Cliff jumping fun but dangerous

By By Leiha Kunz

By Leiha Kunz

Jumping off of high cliffs and gnarly-looking rocks hasn’t always been for kicks and giggles.

Hundreds of years before cliff jumping was even remotely cool, the Hawaiian Island of Lana’i required men to jump off cliffs to prove their courage and loyalty. The men hit the water at incredible rates of speed, and their goal was to enter the water feet first and make as little a splash as possible. Over time, the sport grew immensely and is now a regular vacation activity.

Lake Powell is well-known for its amazing cliffs and rock formations, which makes cliff jumping that much more enticing. However, cliff jumping isn’t always a simple thing to do and there are injuries every year.

Max King, a park ranger for Glen Canyon National Recreation Area, has witnessed a few.

“The most common way a jumper is injured is entering the water too fast,” King said. “The last man that was injured suffered from a broken neck.”

King’s personal thoughts on cliff jumping are presumably typical to those of most park rangers.

“(It is) highly dangerous,” King said. “Spinal injuries and compression fractures are not uncommon.”

Following a serious injury in 2004, Lake Powell has made it illegal to jump off of anything taller than 15 feet.

The incident involved John Hodges, a 23-year-old college graduate, who jumped to his death Sept. 11, 2004. Hodges was five weeks into a round-the-world trip when tragedy struck. He was on a group tour, planning to jump from a 70-foot cliff near Antelope Point in Lake Powell. Hodges had listened to all instructions before jumping, but failed to resurface. His body was found two days later. His cause of death read “complications of blunt force head trauma.”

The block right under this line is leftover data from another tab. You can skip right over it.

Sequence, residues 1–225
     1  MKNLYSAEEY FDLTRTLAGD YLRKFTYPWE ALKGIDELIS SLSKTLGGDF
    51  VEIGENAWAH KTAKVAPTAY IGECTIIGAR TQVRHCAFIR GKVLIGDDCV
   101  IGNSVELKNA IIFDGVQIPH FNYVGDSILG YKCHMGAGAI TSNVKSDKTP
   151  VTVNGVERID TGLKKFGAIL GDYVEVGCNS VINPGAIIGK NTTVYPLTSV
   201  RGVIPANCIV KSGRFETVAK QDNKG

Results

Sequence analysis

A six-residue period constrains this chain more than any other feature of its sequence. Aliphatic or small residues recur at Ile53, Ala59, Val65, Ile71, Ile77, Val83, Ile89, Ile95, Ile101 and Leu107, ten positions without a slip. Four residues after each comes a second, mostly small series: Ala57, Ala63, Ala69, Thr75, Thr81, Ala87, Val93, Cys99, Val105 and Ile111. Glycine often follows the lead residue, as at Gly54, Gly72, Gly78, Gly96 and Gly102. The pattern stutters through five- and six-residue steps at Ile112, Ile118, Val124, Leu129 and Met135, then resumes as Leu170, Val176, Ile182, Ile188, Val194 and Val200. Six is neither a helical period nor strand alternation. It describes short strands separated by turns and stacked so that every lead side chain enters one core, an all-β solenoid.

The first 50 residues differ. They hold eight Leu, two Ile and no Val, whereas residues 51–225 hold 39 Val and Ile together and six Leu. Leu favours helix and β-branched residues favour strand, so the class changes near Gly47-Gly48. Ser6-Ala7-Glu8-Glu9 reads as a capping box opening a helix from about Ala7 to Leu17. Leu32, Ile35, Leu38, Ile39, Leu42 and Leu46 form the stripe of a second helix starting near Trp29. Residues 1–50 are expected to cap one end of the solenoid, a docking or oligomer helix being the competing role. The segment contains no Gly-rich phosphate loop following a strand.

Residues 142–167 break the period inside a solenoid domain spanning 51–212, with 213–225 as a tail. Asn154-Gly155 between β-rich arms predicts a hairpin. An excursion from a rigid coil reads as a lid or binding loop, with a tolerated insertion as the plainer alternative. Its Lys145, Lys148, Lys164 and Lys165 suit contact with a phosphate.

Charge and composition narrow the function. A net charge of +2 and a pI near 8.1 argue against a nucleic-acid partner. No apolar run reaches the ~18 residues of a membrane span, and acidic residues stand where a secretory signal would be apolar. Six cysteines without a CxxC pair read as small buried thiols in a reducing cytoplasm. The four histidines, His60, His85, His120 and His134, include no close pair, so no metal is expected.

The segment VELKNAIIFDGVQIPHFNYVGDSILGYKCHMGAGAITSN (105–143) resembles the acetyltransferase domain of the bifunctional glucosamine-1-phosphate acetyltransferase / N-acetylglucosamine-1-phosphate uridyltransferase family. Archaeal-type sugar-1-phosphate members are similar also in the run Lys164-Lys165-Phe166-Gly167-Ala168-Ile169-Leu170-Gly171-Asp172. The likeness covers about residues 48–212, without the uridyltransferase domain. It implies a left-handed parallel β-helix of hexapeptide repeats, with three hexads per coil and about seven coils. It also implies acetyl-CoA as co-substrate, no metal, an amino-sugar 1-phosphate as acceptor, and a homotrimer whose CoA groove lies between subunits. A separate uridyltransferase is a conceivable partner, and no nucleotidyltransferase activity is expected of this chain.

King remembers this tragic accident vividly.

“This was the last major accident we have had,” he said. “Lots of people are jumping illegally. Warnings, tickets and citations are given on a regular basis. We just try to prevent jumping for the time being.”

King noted that accidents have begun to rise in recent years as more young teens tend to succumb to peer pressure, which is an issue when it comes to cliff jumping.

Because this tragic story won’t deter many from jumping, common sense must.

A flotation device should always be used, along with attempted correct technique. Experienced cliff jumpers began and still use the “pencil” method, which entails jumping feet first with your hands by your sides.

For those who still have it set in their mind to cliff jump, hitting up local hot spots is a must. Flaming Gorge Reservoir and Bear Lake both have their share of cliff jumping areas. The water is deep and calm, providing a safe and enjoyable atmosphere. The highly populated areas are usually the safest.

For more information about cliff jumping and diving, visit and type “cliff jumping” into the search engine. There are a lot of resources ranging from an introduction to the sport to global hot spots and competitions.

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Lennie Mahler